As the soap opera that is Notre Dame took another turn Saturday evening, there were two equally stunning developments — starting quarterback Everett Golson was no longer enrolled in school and departed freshman Gunner Kiel could return to campus.
Notre Dame spokesman Dennis Brown told multiple outlets that Golson had left Notre Dame, but did not provide a reason why. The Chicago Tribune cited two sources saying academic issues may have played a role.
That leaves the Irish reverting back to 2011 and quarterback Tommy Rees, a senior who has a ton of experience, has thrown for more than 4,000 yards and 34 touchdowns, but isn’t the most popular guy with the fanbase.
But there might be a loophole solution to Notre Dame’s problem.
As Yahoo! Sports columnist Pat Forde notes in his column, Kiel, who transferred to Cincinnati earlier this spring, could come back to Notre Dame, win the starting job over Rees and Andrew Hendrix, and end up starting the opening game against Temple on Aug. 31.
Well, John Infante, editor of Bylaw Blog, which breaks down NCAA rules and decisions, cited "Bylaw 220.127.116.11.8, the Return to Original Institution Without Participation or With Minimal Participation Exception." That bylaw essentially says there’s a small loophole where a student-athlete can return to his or her original school as long as they don’t participate in a “countable athletic activity.”
"The student transfers to a second four-year collegiate institution, does not compete at the second institution and does not engage in other countable athletically related activities in the involved sport at the second institution beyond a 14-consecutive-day period and returns to the original institution. The 14-consecutive-day period begins with the date on which the student-athlete first engages in any countable athletically related activity (see Bylaw 17.02.1). A student may use this exception even if he or she has an unfulfilled residence requirement at the institution from which he or she is transferring."
Under this rule, Kiel could pack his bag, kiss Tommy Tuberville goodbye and be back on the Notre Dame campus before the sun comes up. Cincinnati could try to block the transfer and deny Notre Dame permission to speak with Kiel, but that would only prohibit Notre Dame from giving Kiel a scholarship for the next season, not prohibit him from playing.
Of course, it’s probably wishful thinking that Kiel would be on the first bus back to South Bend.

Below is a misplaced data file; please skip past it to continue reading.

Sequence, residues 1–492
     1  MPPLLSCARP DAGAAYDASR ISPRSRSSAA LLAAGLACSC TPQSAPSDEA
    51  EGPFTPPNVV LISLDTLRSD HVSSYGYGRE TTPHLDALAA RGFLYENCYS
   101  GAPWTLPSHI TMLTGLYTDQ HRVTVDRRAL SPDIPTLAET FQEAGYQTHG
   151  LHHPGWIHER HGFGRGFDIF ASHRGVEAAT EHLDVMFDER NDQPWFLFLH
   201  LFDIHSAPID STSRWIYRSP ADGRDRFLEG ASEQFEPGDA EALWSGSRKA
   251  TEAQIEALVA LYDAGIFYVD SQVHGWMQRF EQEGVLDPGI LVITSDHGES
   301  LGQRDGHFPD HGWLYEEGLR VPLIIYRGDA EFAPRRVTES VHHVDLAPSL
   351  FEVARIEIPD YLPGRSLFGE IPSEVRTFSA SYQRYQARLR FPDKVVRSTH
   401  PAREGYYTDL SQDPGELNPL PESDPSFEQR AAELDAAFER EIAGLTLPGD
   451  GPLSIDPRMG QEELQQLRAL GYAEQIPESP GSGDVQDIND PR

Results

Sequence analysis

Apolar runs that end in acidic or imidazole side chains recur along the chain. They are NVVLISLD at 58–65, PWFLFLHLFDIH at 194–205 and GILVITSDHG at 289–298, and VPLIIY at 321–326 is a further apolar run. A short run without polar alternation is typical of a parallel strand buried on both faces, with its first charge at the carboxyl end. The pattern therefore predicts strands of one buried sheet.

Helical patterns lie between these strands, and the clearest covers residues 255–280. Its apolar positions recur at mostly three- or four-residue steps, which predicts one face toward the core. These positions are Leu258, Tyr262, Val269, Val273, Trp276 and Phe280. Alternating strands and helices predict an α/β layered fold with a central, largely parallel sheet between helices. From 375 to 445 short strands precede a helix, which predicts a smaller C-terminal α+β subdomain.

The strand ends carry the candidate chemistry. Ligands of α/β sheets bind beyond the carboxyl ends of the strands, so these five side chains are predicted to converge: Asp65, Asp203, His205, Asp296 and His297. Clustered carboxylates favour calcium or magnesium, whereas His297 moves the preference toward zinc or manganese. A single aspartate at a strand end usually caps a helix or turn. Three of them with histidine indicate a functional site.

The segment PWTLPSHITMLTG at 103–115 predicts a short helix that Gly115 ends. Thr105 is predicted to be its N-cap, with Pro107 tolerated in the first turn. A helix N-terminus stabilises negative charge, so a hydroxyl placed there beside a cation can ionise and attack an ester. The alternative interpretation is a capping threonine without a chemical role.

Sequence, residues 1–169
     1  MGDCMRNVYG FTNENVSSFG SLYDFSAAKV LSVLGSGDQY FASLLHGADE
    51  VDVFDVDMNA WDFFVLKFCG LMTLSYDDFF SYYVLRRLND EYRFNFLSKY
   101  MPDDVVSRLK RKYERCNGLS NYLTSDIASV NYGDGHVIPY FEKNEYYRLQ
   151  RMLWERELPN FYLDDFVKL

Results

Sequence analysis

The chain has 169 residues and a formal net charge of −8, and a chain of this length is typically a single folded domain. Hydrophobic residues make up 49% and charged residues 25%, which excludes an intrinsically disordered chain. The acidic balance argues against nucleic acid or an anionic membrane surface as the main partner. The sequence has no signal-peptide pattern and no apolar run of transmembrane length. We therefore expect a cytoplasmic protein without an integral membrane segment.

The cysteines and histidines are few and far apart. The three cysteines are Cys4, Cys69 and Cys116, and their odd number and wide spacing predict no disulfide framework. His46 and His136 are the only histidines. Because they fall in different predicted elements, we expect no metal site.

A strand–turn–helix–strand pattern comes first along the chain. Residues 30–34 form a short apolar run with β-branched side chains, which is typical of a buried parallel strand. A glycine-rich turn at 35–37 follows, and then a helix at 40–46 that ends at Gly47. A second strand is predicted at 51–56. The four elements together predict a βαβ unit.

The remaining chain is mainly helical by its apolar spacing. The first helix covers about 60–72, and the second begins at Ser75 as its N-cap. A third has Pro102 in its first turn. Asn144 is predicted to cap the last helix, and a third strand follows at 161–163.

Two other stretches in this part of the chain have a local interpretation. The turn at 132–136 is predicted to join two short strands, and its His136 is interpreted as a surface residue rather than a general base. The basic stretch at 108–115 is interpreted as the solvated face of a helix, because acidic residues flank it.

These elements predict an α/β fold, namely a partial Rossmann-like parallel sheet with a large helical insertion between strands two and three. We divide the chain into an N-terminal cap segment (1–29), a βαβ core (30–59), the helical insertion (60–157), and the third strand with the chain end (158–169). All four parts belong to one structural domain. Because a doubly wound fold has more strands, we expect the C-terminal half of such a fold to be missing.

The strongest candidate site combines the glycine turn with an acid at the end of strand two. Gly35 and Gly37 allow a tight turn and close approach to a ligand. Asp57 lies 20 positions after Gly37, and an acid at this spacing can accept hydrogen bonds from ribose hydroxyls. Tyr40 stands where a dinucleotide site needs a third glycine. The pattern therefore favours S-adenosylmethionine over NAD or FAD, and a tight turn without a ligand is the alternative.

When Kiel decided to transfer from Notre Dame, coach Brian Kelly wasn’t thrilled and said he and offensive coordinator Chuck Martin had assured Kiel he would have a chance to compete for playing time both in the spring and in the fall.
"We had kind of created an opportunity for him to compete in the spring," Kelly said back in March. "So maybe a little surprised from that standpoint, because he was actually told he'd be given the opportunity to compete. Sometimes when you don't hear that, you wouldn't be surprised.
"While we are sad when kids don't go through the entire program, we want what's best for them. We are educators as well as coaches."
However, Kiel told NBC Sports he never bonded with Martin and cited that as one of his reasons for leaving.
I respect Coach Kelly a lot and what he does. He’s a fiery coach and he did me well. My quarterbacks coach (Chuck Martin) and I really didn’t have the relationship I wanted, and that was one reason I didn’t like it. I tried to put in the work.
Still, this situation with Notre Dame and Golson has to pose an interesting conundrum for Kiel, one of the nation’s top quarterbacking recruits who spurned both Indiana and LSU to sign with the Irish. Kiel couldn't beat out Golson a year ago and took a redshirt year, but Kelly has shown he doesn’t exactly trust Rees to run the offense full time and Hendrix was in the same boat as Kiel a year ago.
The Notre Dame quarterbacking situation is wide open.
Not sure we’ve ever seen a circumstance like this and Kiel has yet to address the possibility of transferring back. It probably won't happen, still the thought of Kiel being the one to change Notre Dame’s fortune is quite intriguing.
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